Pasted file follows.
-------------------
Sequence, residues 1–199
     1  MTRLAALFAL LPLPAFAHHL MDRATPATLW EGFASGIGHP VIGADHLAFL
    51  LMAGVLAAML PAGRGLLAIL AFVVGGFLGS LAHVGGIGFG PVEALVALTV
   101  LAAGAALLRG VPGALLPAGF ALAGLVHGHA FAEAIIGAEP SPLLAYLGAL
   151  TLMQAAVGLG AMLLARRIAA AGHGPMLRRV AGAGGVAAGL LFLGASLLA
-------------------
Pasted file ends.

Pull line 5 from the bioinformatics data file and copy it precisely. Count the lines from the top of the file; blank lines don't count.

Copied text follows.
   151  TLMQAAVGLG AMLLARRIAA AGHGPMLRRV AGAGGVAAGL LFLGASLLA